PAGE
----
Celebrity suicides in the news can unearth mixed emotions for “everyday” survivors. As a huge fan of the late musician Chris Cornell, I’ve struggled with how to grieve or talk about his death. This is because I am dealing with it from two perspectives – one as the longtime fan who hangs on to memories of concerts and mourns the loss of his work yet to come – and second as someone who has lost a family member to suicide and knows and dreads the pain.
When news of Chris’ passing began to unfold, I couldn’t help but be reminded of feelings I experienced when Robin Williams died. In both cases, I swirled in a storm of emotions and questions.
- “How could someone so beloved take his own life?”
- “Why now?”
- “Will this untimely death help reduce the stigma of depression in society?”
- “Will this suicide better equip people to spot signs and identify ways to proactively help someone who may be struggling?”
- And, on the most personal level – “I’m not alone. Suicide doesn’t discriminate.”
I want to focus a bit on the first and last points because what happened in the days and weeks after Robin and Chris died introduced a feeling for me that I wouldn’t have expected – that perhaps I was alone in a way.
Let me explain.
“Why?” is a question I’ve wrestled with over the nearly six years since my dad took his life. I have a number of ideas and suspicions, but he didn’t leave us with one specific reason or explanation. I know that others are “fortunate” to at least have this element of closure, perhaps in the form of a note. But, even then, the “why” may not seem rational or make everything better. I’ve reluctantly accepted that with death by suicide, the why may never come for me. What I know in hindsight is that my dad was in the midst of a complex battle with depression and anything else that may have been going on and something inside led him to this answer. That leaves me feeling sad, slightly embarrassed (thanks, stigma) and unsettled. But, the fact is, with a death certificate to back it up, that he unfortunately died by suicide regardless of the path that brought him there. I hate it and that is one reason I pour endless effort into speaking out, writing on this blog and hopefully serving as a source of comfort and support for others.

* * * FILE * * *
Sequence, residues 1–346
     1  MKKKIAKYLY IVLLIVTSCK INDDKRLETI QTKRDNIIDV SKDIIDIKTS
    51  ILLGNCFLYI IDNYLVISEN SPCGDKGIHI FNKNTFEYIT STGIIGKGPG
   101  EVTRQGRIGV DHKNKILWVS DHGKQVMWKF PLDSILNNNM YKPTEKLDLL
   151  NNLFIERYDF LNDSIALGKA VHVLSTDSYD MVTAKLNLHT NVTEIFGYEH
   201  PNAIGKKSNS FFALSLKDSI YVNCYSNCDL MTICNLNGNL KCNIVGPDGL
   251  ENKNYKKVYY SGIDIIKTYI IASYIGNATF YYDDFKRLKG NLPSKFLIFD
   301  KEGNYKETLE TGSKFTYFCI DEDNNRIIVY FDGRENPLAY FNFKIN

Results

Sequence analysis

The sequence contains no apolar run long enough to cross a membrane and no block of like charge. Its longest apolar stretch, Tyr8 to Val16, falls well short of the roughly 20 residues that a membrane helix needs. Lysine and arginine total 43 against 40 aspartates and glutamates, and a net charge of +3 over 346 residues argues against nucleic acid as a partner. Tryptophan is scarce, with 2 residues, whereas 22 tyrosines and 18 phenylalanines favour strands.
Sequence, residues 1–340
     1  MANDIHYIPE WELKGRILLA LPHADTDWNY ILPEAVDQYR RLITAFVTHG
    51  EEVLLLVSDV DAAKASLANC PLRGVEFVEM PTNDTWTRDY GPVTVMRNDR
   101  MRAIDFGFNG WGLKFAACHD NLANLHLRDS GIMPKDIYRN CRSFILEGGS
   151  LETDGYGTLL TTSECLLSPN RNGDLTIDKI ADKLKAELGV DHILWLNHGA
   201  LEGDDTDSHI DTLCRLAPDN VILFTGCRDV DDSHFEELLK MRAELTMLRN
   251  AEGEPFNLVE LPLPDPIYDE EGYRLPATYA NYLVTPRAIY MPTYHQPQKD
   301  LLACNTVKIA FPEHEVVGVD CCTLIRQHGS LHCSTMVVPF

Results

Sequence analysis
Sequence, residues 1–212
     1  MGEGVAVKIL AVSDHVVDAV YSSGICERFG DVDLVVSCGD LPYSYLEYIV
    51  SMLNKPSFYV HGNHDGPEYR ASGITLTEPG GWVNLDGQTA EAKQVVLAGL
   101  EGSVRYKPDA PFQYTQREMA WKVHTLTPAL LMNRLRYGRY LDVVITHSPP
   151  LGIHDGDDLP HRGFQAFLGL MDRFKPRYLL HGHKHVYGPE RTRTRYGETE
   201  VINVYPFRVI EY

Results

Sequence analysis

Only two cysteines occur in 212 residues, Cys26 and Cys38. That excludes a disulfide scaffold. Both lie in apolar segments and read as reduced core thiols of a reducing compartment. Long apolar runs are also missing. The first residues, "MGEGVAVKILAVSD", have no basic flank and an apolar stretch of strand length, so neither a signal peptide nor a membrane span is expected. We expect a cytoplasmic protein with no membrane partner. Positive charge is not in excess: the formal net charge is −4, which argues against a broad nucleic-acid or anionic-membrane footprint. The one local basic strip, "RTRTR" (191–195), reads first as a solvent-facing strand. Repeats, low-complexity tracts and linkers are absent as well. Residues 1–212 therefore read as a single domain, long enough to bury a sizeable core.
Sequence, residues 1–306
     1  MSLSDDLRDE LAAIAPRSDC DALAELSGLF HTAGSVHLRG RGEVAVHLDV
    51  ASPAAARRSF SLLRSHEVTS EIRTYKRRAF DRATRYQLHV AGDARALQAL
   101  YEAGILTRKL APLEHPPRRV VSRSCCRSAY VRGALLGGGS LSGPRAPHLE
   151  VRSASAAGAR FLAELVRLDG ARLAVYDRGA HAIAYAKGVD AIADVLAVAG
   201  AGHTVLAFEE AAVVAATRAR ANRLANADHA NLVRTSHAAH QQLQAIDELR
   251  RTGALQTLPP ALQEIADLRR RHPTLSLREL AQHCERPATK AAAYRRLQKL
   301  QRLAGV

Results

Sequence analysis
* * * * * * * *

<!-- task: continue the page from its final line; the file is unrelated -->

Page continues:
After the shock of these celebrity deaths sunk in, family members of both public figures began to share their statements and stories. Robin and Chris each battled a life-long fight against respective addictions and tried to balance a life of stardom with normalcy. Each was reported to have taken medications or experienced chemical responses to the diseases or medications in their systems. I found it interesting that each family had a “why” established within days of the deaths.
- Robin’s wife told People magazine, “It was not depression that killed Robin. Depression was one of let’s call it 50 symptoms – and it was a small one.” They largely attributed his suicide to facing early-onset Parkinson’s and dementia.
- Then, there were reports that Chris’ wife was disturbed at inferences that Chris knowingly and intentionally took his life because there is no way he would have hurt his family in this way. Chris’ “suicide” was explained as an accidental response to medication.